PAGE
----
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How'd They Do This?

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Anonymous
September 17, 2005 1:49:23 PM

Archived from groups: rec.audio.pro (More info?)

Go to google.com, type the word "failure" into the search box, and
click the "I'm feeling lucky" button.

This must be the work of a clever hacker, but how?

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Anonymous
September 17, 2005 3:24:01 PM

Archived from groups: rec.audio.pro (More info?)

Mike Rivers wrote:
> Go to google.com, type the word "failure" into the search box, and
> click the "I'm feeling lucky" button.
>
> This must be the work of a clever hacker, but how?
>

Go to google, type "google bomb" into the search box and click "I'm
feeling lucky"

What's a Google Bomb?

Google Bombs were conceived last April as part of a brilliant gag by
Adam Mathes. In his own words:

Google is unique among search engines in that while it almost
always shows you pages that have the exact keywords you are looking for,
occasionally it will show you pages that don't have those keywords, but
other pages linked to that page with those words.

I first discovered this when searching for internet rockstar, which
turned up Ben's page. [editor: Adam is referring to internet rockstar
Ben Brown] At the time though, he did not actually have that phrase on
his page however the legions of teeny-bopper blogger morons who linked
to him always used that phrase in their links.

Adam identified a critical loophole in Google's algorithm. This article
I'm writing may be about Google Bombs... but if enough sites linked to
it using the phrase "Aunt Jemima," then this article might come up as
the first search result for "Aunt Jemima." In other words, the linker
can impact the Google Rank of the linkee.

Jonny Durango
Anonymous
September 17, 2005 3:36:01 PM

Archived from groups: rec.audio.pro (More info?)

Joe Kesselman wrote:

> First off, this isn't new.
> Second, it isn't especially clever.

Well, ok, then shoot me down for pointing out something that was
pointed out to me as being rather curious. Is that "patronizing?" You
might try a little explaining instead.

I don't know how Google orders their searches, I've never felt lucky
and just did my own picking from what it comes up with.
Related resources
September 17, 2005 3:59:41 PM

Archived from groups: rec.audio.pro (More info?)

Mike Rivers wrote:
> Go to google.com, type the word "failure" into the search box, and
> click the "I'm feeling lucky" button.
>
> This must be the work of a clever hacker, but how?
>

Nice !!

--
Eric

Practice Your Mixing Skills
www.Raw-Tracks.com
www.Mad-Host.com
Anonymous
September 17, 2005 4:58:00 PM

Archived from groups: rec.audio.pro (More info?)

Mike Rivers wrote:
> This must be the work of a clever hacker, but how?

First off, this isn't new.

Second, it isn't especially clever. If you understand how Google orders
its results, it's possible to "poison" their statistical system to push
things to the top of the list. Doing so is generally considered rude at
best.
Anonymous
September 17, 2005 6:15:34 PM

Archived from groups: rec.audio.pro (More info?)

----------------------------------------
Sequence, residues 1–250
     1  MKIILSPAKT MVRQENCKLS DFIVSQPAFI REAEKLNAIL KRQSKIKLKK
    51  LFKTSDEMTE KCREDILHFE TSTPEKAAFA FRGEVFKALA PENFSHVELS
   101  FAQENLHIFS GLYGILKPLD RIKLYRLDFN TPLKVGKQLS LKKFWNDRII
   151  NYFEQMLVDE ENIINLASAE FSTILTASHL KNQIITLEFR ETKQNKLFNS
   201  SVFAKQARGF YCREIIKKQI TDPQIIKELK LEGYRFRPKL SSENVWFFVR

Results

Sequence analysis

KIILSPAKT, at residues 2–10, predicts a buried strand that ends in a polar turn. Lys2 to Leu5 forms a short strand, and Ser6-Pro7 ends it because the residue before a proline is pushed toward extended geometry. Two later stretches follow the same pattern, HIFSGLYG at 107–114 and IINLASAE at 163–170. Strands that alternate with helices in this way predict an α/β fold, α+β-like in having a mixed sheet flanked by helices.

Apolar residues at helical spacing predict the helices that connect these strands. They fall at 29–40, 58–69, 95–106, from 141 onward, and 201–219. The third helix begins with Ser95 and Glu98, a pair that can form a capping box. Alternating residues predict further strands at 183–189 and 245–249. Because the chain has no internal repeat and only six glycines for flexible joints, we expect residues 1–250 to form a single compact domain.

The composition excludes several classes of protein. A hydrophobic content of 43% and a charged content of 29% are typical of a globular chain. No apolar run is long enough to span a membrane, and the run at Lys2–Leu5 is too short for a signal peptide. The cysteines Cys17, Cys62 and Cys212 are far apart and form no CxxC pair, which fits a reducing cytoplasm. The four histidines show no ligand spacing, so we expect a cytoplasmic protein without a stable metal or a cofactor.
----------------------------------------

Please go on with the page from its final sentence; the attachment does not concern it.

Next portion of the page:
Mike Rivers <mrivers@d-and-d.com> wrote:
>Go to google.com, type the word "failure" into the search box, and
>click the "I'm feeling lucky" button.
>
>This must be the work of a clever hacker, but how?

It's the work of the folks who coded the google search engine front
end, and they are clever hackers indeed. There are a number of other
interesting easter eggs available, not just that one.
--scott

--
"C'est un Nagra. C'est suisse, et tres, tres precis."
Anonymous
September 17, 2005 9:49:56 PM

Archived from groups: rec.audio.pro (More info?)

"Mike Rivers" <mrivers@d-and-d.com> wrote in news:1126975763.430270.264690
@g44g2000cwa.googlegroups.com:

> Go to google.com, type the word "failure" into the search box, and
> click the "I'm feeling lucky" button.
>
> This must be the work of a clever hacker, but how?
>
>

The word 'Idiot' is better...
Anonymous
September 18, 2005 1:21:51 AM

Archived from groups: rec.audio.pro (More info?)

On 17 Sep 2005 09:49:23 -0700, in rec.audio.pro "Mike Rivers"
<mrivers@d-and-d.com> wrote:

>Go to google.com, type the word "failure" into the search box, and
>click the "I'm feeling lucky" button.
>
>This must be the work of a clever hacker, but how?


http://en.wikipedia.org/wiki/Google_bomb


martin
Anonymous
September 18, 2005 2:28:13 AM

Archived from groups: rec.audio.pro (More info?)

Mike Rivers wrote:
> Go to google.com, type the word "failure" into the search box, and
> click the "I'm feeling lucky" button.
>
> This must be the work of a clever hacker, but how?

According to Google, "I'm Feeling Lucky" simply takes you straight to
the first found link. Nothing magical there.

How Dubya's bio got to be the first hit is a whole different matter...



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Anonymous
September 18, 2005 8:51:32 AM

Archived from groups: rec.audio.pro (More info?)

Matt Ion wrote:

> According to Google, "I'm Feeling Lucky" simply takes you straight to
> the first found link. Nothing magical there.
>
> How Dubya's bio got to be the first hit is a whole different matter...

I'm getting the sense (based on no research other than some rather
brief responses in this newsgroup) that it may be keeping track of
which link the user chooses first or which one is chosen most often
when a list of links (not selecting the "lucky" option) is presented. I
suspect that in this case, the word "failure" appears somewhere in the
GWB link (I didn't check but it's a common enough word).

The first search might have put that link way down near the bottom of
the list, but you know how the word can get around on the Internet. If
someone posts the instructions and tells the reader to go directly to
the GWB link, the more people who do that, the closer the link gets to
the top of the list. Given the unliklihood of people actually doing a
search on the single word "failure" and getting something productive
out of it, it probably doesn't take too many repeated operations to
bring a particular link to the top of the list. And once it gets there,
everyone who does what I posted to start the thread strengthens the